WITH LOVELY LEMON BUTTER Seagrass’s hake entrée.
The day is coming when the baby boomers will bankrupt this country, sparing only their own nest-eggs and supplemental health insurance. People over 55 are so powerful that even today's government-hating Republicans will not touch their Medicare or Social Security. Soon the baby boomers will begin to draw down their mutual-fund holdings and 401(k)s, revealing that even the stock market's long-term growth is actually a massive demographic-driven bubble. A few of the younger generation, perhaps 1 percent, will survive the carnage and get a chance to indulge in the good-life pleasures that will be but a memory, or a rumor, or a service job, for the rest of us. The older folks will congratulate them for having inherited "the right values."
Such conversations might take place in upscale restaurants in wealthy suburbs — places like the Seagrass Bistro. This chef-owned spot in Yarmouth has had good buzz for years, and last year invested in a new space on Route 1. It offers a window on how the older, richer half (tenth?) will live, and it's worth indulging in now before the collapse puts places like this out of reach for most of us.
Suburban folk don't like inconvenience, and there is plenty of parking around the building Seagrass shares with a coffee place and an ice-cream shop. Based on the McMansions they build, rich suburbanites are most comfortable in commodious spaces. Seagrass obliges with a big box of a dining room, with a bar down one wall and a small open kitchen in back. It's remarkable how nice the space is once you enter — all dark wood, and canvas colors.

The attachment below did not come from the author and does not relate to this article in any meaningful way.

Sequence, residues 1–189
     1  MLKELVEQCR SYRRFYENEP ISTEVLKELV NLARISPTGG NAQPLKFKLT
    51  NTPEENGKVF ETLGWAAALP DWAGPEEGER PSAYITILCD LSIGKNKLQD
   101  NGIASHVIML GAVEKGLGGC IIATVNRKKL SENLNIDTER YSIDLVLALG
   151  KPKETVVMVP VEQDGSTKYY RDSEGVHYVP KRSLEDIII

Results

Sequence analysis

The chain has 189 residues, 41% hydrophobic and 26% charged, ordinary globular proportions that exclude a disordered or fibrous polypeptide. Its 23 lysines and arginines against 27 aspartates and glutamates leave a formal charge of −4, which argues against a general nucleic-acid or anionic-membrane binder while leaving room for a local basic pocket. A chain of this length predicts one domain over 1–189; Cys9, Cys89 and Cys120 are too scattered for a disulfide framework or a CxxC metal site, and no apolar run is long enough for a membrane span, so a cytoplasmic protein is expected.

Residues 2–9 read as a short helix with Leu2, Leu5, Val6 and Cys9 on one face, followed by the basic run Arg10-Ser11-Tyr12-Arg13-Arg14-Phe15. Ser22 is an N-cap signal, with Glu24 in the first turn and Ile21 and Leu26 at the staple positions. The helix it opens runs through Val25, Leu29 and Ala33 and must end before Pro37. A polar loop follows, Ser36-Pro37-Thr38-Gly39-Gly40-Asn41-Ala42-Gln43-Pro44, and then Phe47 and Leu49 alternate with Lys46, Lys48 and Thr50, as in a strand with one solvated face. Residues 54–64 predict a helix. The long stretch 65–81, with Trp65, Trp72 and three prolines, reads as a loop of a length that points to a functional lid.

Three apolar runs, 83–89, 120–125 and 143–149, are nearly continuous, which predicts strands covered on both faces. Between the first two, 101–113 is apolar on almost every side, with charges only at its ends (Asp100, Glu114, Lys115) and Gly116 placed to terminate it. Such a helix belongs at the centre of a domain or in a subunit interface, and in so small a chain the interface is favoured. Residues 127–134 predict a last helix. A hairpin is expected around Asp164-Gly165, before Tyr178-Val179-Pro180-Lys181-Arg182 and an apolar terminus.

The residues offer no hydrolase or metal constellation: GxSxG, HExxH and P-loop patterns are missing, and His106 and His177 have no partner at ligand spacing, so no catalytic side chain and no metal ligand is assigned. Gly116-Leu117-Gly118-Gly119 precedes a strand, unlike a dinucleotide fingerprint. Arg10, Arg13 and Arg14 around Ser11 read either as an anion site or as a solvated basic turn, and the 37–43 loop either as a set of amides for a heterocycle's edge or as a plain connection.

The upper crust likes to be doted upon, and the service at Seagrass is first-rate. Our waiter helped us find a nice herby malbec. But it was another thing altogether to watch the head chef saunter out to sit down with a table of septuagenarian ladies-who-dinner and chat with them about what they were in the mood to eat that night — offering tweaks to the menu. Is this how they eat in Yarmouth?! My god.
The menu at Seagrass, which changes frequently, did not need any tweaking. The four starters, two salads, and five entrées offered a thoughtful variety of ingredients in wintery flavors — even the salads offered something toasty. One starter featured three perfectly seared scallops — the smokey-char flavor made them seem grilled. They sat in a red pepper reduction that had a marmalade look, and slightly citrus taste. Even better was the pasta starter. The thick noodles were the same canvas color as the walls, and had good bite. The sauce was a duck ragu, and some of the rendered fat had been removed so it was not so rich as to obscure the flavors of the mushrooms, parsley, and red pepper.
The least successful dish was an entrée of hake "breaded" with pieces of artichoke, shrimp, and Romano cheese. The hake flirted with being underdone, and the shrimp edged a touch the other way. But the lemon butter sauce was lovely, as it mixed with the accompanying polenta cakes and green beans. An entrée of veal tenderloin was served over an approachable creamed spinach spotted with tender forest mushrooms. The meat was on the steak side for veal — still tender but with a grassy flavor that stood up to the mushroom reduction. For dessert we had a dignified carrot cake.